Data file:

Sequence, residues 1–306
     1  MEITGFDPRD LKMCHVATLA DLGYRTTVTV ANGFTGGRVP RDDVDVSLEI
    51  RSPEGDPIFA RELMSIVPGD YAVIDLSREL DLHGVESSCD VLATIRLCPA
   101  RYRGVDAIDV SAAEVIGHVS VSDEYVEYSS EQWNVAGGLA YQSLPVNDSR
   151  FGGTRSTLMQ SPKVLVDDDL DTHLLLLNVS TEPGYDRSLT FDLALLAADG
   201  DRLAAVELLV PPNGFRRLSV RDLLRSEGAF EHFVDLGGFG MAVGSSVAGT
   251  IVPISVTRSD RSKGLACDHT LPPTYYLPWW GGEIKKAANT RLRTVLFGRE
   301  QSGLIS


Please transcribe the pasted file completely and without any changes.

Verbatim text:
Sequence, residues 1–306
     1  MEITGFDPRD LKMCHVATLA DLGYRTTVTV ANGFTGGRVP RDDVDVSLEI
    51  RSPEGDPIFA RELMSIVPGD YAVIDLSREL DLHGVESSCD VLATIRLCPA
   101  RYRGVDAIDV SAAEVIGHVS VSDEYVEYSS EQWNVAGGLA YQSLPVNDSR
   151  FGGTRSTLMQ SPKVLVDDDL DTHLLLLNVS TEPGYDRSLT FDLALLAADG
   201  DRLAAVELLV PPNGFRRLSV RDLLRSEGAF EHFVDLGGFG MAVGSSVAGT
   251  IVPISVTRSD RSKGLACDHT LPPTYYLPWW GGEIKKAANT RLRTVLFGRE
   301  QSGLIS